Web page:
Migrating to Maya, sigh.

I love blender, but i will be going to the Vancouver film school in May, 2010 for
3d animation / FX / and modeling, the program they use is Maya.

I have almost a year to migrate to Maya, looking at it on you-tube, it appears to have some similarity’s, or view navigation, i don’t know,

Anyone who reads this, and has used Maya, just give me some input or your learning experience, how long to start getting a hang of it.

I wont stop using blender, i’ll probably use blender forever, but for now i have to move on to Maya.

I used quite a lot Motion builder, which I guess has similar animation interface to blender 2.5, and it’s great. Regarding modelling, and mainly UV mapping, it’s probably much better in blender.

But you don’t have to be afraid, switching there and back again isn’t that hard, and you can still use blender for a lot of things and use the great importers/ exporters.

Why the long face? Maya rocks… just give it a chance. Initially you will probably have problems of instinctively hitting wrong keys (watch out hitting S… it’s like I in Blender and inserts a key frame) but once you get into it you both Blender and Maya can compliment each other very well… really helps you to see the strengths and weaknesses of each program when you have another point of reference.

Customise the living daylights out of it. By default, Maya only has lousy hotkeys or hotkeys for stuff you never use.

And save often and create backups.

Good luck, I really suck at switching between programs. But I’m sure “I have experience in Maya and Blender” couldn’t be a bad thing to have on resume… unless your applying to be a mascot.

I was using Maya, Max and Blender at one point in my studies. Not ideal, but it is do-able.

http://www.3dbuzz.com/xcart/product.php?productid=32 - Not cheap, but we did project 3 as a class. Covers a fair amount of cool stuff, most (if not all) of which can be replicated in Blender.

Not too familiar with general Maya tuts.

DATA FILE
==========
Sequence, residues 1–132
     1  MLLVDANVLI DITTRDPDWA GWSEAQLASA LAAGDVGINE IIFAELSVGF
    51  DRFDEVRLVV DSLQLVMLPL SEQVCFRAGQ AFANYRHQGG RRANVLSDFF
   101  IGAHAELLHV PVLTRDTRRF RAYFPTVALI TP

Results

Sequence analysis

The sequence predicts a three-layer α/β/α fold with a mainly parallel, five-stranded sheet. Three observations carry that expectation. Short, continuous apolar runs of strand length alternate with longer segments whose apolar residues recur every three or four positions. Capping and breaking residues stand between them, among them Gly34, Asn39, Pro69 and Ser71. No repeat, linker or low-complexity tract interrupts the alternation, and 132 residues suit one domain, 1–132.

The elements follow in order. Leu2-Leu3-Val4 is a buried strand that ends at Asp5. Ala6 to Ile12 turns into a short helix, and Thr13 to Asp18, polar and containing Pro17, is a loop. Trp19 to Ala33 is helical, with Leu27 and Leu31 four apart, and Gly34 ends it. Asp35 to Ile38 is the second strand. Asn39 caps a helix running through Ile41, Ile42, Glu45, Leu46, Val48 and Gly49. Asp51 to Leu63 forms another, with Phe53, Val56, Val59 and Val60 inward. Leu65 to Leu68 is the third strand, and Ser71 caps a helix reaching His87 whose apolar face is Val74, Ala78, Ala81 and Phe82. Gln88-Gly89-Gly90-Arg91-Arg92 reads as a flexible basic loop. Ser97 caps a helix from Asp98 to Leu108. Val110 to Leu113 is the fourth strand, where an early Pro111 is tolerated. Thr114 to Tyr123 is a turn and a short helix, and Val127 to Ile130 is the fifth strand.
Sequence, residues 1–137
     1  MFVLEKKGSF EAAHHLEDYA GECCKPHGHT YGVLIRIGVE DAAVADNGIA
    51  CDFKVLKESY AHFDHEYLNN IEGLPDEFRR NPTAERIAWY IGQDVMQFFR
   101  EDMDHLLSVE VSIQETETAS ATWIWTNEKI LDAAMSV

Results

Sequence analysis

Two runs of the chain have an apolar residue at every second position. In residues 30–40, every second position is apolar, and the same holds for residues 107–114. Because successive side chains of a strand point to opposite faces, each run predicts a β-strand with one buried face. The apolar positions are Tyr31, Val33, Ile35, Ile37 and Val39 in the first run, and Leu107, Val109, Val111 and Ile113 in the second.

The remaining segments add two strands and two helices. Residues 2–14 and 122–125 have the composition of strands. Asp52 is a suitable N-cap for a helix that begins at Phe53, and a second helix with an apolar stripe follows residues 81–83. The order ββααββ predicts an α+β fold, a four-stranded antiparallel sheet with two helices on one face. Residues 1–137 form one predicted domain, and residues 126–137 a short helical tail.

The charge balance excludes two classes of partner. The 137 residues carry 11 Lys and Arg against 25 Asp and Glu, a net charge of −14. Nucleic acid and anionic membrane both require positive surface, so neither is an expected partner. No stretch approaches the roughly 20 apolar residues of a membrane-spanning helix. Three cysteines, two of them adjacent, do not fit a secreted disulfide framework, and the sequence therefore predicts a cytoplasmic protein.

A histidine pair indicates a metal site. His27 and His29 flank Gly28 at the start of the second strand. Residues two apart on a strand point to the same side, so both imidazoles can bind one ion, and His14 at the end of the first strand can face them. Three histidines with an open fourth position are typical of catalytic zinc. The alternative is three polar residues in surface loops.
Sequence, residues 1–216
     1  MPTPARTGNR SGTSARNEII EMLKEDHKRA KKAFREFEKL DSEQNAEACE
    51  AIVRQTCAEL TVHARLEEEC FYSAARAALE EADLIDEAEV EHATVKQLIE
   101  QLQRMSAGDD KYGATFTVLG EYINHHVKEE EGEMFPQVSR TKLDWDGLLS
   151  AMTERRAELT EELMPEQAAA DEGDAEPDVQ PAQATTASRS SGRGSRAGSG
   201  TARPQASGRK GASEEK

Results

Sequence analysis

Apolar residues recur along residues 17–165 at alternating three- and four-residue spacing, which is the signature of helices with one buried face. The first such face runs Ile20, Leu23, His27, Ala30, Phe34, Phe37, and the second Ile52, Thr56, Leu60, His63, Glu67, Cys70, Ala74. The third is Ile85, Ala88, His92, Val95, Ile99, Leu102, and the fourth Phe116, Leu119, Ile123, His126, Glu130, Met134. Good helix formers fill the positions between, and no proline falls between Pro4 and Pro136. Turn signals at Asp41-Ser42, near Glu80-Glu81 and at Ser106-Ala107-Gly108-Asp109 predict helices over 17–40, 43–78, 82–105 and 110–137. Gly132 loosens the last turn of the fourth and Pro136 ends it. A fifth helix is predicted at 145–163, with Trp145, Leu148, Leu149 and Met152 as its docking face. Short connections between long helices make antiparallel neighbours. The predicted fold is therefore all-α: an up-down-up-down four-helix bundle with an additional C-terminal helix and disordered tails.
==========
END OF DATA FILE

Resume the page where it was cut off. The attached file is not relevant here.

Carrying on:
All the best with the overlap!

Maya has more tools and options to offer in many areas.
It comes with a great tool set - so there is plenty to learn.
But since you know Blender you should actually have an easy
start into it.

I would be happy to use Maya and their awesome shading tree system.

In my experience it crashed… a lot, and often for no reason. YMMV though. But like Zwebbie said, save often and make backups!

In my experience its definitely better in this regard than max, but as you said, YMMV,
I’ve crashed 2.5 test builds(obviously alpha) seemingly at random as well. :slight_smile:

IMHO Maya is a great application. It took me two days to be able to animate in Maya, so transfer is not much of a problem. Of course, it will take some time to get used to the change, but once you became familiar with the basics of the app, everything will be relatively simple. Aaaaand… Maya is really customizable - you can change keyboard shortcuts and whatnot. Maya is also immensely powerful and versatile app… you know, there is a reason they made Shrek in Maya…

It’s got things I miss a lot (channel box, command line, nodes for things other than materials, textures and compositing) but a lot of what Blender has makes me super-angry I ever payed money for Maya. Case in point mouse-based Move/Scale/Rotate (as opposed to click-based) is probably why I don’t have carpal tunnel syndrome.

Autodesk also has a hilarious short-coming, which Adobe has as well. In pay-to-use commercial software, such as Maya and Max, they’ll have a bunch of fancy add-on programs they extra charge money for, such as Renderman and MotionBuilder. As a result, five years go by, and the technology has quickly outstripped these tools. However, because Autodesk wants to keep protecting that revenue stream, they never just add it in permanently to their software!

Meanwhile, Blender is free, so the only questions of functionality that need to be asked are “is this technically attainable?” and “does someone feel like doing the work?” So as a result, Blender gets new toys whenever people figure out how to implement them. I haven’t used Maya since 8.5, but even on 8.5 they still charged you extra if you wanted hair and fur. WTF, right?

Oh yeah, and the connection editor. I miss Maya’s connection editor. (But mostly I miss the channel box.)

I wish Autodesk didn’t discontinue their Maya PLE, now it’s only a 30 day trial, which is not enough time to really learn the program.